What is the Tambopata National Reserve?
Located in the southeast of the department of Madre de Dios, bordering Brazil and Bolivia, the Tambopata National Reserve is an area of environmental protection in the Peruvian jungle, considered the most biodiverse in the world and a favorite destination for students, researchers and tourists from many countries.
In addition to the famous ancient Inca city of Machu Picchu, which receives thousands of tourists every year, Peru also has a vast expanse of Amazon rainforest. The Tambopata National Reserve is an important area for the protection, research and study of wildlife and is located in the province of Tambopata, department of Madre de Dios, with its capital in Puerto Maldonado-Peru. The reserve covers an area of approximately 270,000 hectares of fully preserved forest.
The protected area was established by President Alberto Fujimori in September 2000, with the main objective of protecting and preserving the forest and the sustainability of the native peoples who have inhabited the land since ancestral times. The reserve is home to an enormous variety of fauna and vegetation and is a popular destination for researchers, students, tourists and nature lovers.
What is the local fauna and flora like?
The Tambopata National Reserve is home to several species of wild animals that live in the middle of plains, hills, lakes and swamps. It is bathed by three rivers, the Madre de Dios, the Malinowski and the Tambopata, which give it its name.
It is common to find jaguars, caimans, capybaras, monkeys and giant otters in the perimeter of the protected area. Macaws, parakeets, hawks, herons and many other birds provide the perfect backdrop for the clicks and recordings of the countless tourists who visit the area. According to research data, the region is home to more than 1000 species of butterflies, more than 600 species of birds, a multitude of fish, amphibians, mammals and more than 1200 species of plants.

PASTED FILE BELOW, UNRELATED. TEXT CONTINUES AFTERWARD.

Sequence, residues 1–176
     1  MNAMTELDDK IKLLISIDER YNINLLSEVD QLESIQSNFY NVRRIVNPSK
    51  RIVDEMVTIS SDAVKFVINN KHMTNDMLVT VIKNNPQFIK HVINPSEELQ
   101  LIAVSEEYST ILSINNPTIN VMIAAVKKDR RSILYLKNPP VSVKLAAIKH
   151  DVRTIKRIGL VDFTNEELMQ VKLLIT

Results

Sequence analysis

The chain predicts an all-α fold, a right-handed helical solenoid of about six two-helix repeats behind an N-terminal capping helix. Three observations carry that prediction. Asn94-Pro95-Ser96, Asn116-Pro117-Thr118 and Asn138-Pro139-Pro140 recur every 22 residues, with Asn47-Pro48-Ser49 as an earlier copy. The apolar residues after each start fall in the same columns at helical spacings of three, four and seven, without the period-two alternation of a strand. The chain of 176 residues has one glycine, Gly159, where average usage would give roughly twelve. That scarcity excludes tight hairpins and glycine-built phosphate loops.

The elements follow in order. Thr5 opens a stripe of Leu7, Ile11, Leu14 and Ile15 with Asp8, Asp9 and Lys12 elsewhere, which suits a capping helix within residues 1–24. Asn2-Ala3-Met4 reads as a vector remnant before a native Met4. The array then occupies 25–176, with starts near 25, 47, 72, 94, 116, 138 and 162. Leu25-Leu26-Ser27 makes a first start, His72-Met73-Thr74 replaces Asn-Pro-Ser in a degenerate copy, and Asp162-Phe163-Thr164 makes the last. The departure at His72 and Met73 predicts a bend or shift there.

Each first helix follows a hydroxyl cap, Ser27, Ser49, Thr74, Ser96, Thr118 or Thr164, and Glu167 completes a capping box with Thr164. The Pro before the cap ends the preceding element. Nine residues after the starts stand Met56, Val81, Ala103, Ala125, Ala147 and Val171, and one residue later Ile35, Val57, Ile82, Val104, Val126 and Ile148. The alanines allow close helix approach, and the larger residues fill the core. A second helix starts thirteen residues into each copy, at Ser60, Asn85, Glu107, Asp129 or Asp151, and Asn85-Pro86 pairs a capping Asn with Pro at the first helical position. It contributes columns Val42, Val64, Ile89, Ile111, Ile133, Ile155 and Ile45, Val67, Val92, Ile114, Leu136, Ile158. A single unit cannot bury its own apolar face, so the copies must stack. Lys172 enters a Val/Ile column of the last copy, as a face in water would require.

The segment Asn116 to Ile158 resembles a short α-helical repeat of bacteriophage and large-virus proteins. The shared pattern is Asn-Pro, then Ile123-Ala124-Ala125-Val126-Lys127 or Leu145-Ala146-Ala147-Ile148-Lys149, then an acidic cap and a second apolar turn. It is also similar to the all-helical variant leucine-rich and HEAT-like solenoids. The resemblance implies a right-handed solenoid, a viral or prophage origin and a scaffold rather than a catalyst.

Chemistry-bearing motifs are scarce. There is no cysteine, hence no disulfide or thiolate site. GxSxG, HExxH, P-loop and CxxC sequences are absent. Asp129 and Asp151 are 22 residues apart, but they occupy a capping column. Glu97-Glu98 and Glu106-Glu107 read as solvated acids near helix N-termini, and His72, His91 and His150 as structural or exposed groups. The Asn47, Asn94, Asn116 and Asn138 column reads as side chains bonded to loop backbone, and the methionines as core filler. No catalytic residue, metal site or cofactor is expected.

One of the main attractions are the numerous places where animals gather to lick the minerals found in the clay. Macaws and parakeets put on a show every day and are observed by all visitors who marvel at the exuberant wildlife in the interior of the South American jungle.
Is the Tambopata National Reserve populated?
The Tambopata National Reserve is a very preserved and sparsely inhabited area. It is only inhabited by the locals, park rangers and the staff of the Tambopata Research Center, an important study, observation and tourism site that was established there in 1996, even before the decree creating the reserve. This is Tambopata’s only research center, which contributes to the sustainability, preservation and conservation of the region and its entire ecosystem.
What activities can visitors do?
Observation and outdoor activities, as well as boat rides, are the main attractions of this place. If you travel to Peru, do not miss the opportunity to visit the Tambopata National Reserve, the perfect destination for nature and wildlife lovers. The reserve can be reached by river from the city of Puerto Maldonado. Other options are by plane and road, the latter not recommended due to the precarious conditions of the roads, which do not offer good security.